In stories, the final kiss (or in Buddy Movies, the final explosion) is a celebration of that alchemical fusion. When the Hero and Soulmate come together against adversity, they give birth to the child that is love, hope and resurrection. But the path to this victory may be long and winding. The Hero and Soulmate may spar and scorn one another, as each remains in denial of their fragmented selves. Whatever quest the Hero is on - whatever great darkness he is facing - there is always this sub-battle going on, between the two halves of his nature.

    As the Soulmate ensures the "child" of the future, so the Mentor channels the "voice" of the past. The Mentor is a character from the tradition of passing on wisdom and granting gifts, a lesson in respecting the elder traditions. He is the father figure who understands that he must teach others to be greater than he ever was.

    He is often a Failed Hero who has been on the same path as the new Hero but faltered at some point. Like the Ally he can perform a specific errand or grant a certain gift, and unlike the Trickster his wisdom is clear and direct. He will often instruct the Hero in detail about how to better himself and as such is often the deus ex machina of the author himself.

    But like the Ally, the Mentor understands that he can only get the Hero to a certain point, and that the protagonist must face his greatest battle alone. He is not a physical aid like the Ally or a confrontational energy like the Trickster or Soulmate. He is constructive and patient - the mouthpiece of the world that the Hero is defending.

    In Arthurian legend the Hermits were a race of old and reclusive dwarves who kept the traditions of the Old World. This is the Mentor in his element - a man who has been "out there" and experienced a great many things, returning with secrets and lessons for the Hero to come.

    Many characters are instruments of the author's will. The Hero carries the thesis, the Trickster ridicules the argument, the Soulmate confounds the answer and the Mentor preaches the solution. But the Herald - often the most minor and overlooked character - is perhaps the most unbiased of the Archetyes. The Herald exists as a relay of information - a tool of exposition and juxtaposition. The Archetype derives, of course, from the medieval idea of bards and heralds - the artists who would explain or elaborate upon great events.

    The Herald puts things into proper perspective. In many stories his appearance may be fleeting and purely functional: the messenger who dies with a mysterious note in his hand; the prophet who announces the end of the world; the reporter who delivers fantastical news. The Herald is a powerful driver of the plot, who frames information in such a way that informs both the reader and the Hero of the greater stakes. They are linked to the wider world of the narrative, in tune with the repercussions of great changes and the foreshadowing of great events. And in their role, unlike the mentor, they are inert and objective, forcing no agenda. How the Hero chooses to react to a Herald is his own business and not the Herald's.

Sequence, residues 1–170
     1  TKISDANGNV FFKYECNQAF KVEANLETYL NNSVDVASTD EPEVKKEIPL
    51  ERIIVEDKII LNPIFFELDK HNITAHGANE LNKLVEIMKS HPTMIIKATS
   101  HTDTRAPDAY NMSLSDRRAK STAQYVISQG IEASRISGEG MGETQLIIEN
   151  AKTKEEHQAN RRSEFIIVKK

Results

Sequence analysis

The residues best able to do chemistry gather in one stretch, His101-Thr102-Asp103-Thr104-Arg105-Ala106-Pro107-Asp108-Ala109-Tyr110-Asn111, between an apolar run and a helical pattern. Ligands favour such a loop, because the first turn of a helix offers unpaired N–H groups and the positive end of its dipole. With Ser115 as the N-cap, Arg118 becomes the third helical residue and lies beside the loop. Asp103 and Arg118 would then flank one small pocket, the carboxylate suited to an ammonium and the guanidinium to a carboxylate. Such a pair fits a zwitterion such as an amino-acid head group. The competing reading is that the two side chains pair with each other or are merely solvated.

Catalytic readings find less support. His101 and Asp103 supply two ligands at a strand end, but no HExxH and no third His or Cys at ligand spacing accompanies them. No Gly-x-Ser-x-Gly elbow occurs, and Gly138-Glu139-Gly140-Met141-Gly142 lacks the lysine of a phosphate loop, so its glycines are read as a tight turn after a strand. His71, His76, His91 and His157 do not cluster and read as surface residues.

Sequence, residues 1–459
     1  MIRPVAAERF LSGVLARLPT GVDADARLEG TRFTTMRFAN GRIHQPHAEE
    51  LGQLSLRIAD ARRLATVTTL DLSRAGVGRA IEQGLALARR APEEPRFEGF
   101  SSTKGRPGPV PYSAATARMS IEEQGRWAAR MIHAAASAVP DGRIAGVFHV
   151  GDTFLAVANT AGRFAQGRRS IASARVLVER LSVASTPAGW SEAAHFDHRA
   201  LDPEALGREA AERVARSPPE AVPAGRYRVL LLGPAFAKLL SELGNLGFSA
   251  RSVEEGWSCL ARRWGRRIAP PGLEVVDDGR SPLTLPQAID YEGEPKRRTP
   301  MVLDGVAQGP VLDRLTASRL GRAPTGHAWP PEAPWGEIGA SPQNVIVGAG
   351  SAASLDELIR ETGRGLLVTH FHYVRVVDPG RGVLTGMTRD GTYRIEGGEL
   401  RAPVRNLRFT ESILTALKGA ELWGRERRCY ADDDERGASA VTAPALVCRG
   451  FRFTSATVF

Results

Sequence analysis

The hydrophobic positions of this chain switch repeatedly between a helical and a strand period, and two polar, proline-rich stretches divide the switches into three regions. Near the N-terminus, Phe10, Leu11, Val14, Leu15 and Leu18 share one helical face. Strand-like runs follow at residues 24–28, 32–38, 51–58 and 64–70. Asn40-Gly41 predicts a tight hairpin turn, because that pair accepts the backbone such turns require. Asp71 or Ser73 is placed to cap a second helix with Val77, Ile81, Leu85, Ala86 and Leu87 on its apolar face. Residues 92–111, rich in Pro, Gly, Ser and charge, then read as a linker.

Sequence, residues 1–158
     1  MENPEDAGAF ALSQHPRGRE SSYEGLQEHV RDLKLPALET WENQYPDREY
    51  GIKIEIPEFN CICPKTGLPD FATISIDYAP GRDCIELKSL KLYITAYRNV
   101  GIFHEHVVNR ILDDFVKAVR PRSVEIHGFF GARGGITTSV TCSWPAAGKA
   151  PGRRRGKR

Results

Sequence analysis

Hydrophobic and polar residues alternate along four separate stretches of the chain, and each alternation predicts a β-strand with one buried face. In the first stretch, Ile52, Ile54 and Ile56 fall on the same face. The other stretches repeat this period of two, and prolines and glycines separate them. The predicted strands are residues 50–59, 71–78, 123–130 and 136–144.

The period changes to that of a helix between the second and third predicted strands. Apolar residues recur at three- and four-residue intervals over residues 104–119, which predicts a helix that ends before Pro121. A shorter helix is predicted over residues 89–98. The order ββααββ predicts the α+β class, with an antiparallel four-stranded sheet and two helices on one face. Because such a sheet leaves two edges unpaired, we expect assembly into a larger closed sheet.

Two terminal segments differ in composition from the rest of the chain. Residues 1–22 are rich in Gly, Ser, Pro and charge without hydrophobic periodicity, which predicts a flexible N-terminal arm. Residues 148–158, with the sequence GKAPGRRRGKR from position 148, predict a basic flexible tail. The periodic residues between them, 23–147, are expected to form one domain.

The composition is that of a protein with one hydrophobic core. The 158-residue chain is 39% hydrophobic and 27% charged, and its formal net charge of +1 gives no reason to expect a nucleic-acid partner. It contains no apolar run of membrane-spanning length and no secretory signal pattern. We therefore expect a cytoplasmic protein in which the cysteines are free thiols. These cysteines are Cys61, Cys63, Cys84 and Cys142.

As an archetype the Herald was put to great effect by Shakespeare, who when faced with a finite number of actors and stage space could use the Herald character to show the audience what the rest of the world was thinking. And even longer ago the Herald was reflected in the Chorus of the Greek Plays, in which he assumed the status of a supernatural, godlike mirror to mortal action.

    By collecting and recording deeds, the Herald produces heraldy - a total symbolic record of history, prophecy and intent. With heraldy the factions are aligned, the contenders identified, the darkness defined and the stakes intimated. Through this the events are the story are not singular incidents, but deeds that resonate with greater questions and struggles.

    The Herald is artist and echo, translating the Hero's actions into the bigger picture of the setting.

    While the Ally symbolises a part of the Hero that he must rely on to succeed, the Guardian is a part of the Hero that obstructs him. Derived from the term Threshold Guardian, this Archetype encompasses all the hurdles, monsters, minions and distractions that the Hero must deal with on his journey. If we perceive stories in the Ancient Greek sense of a series of challenges to be overcome, then each challenge is presided over by a Guardian.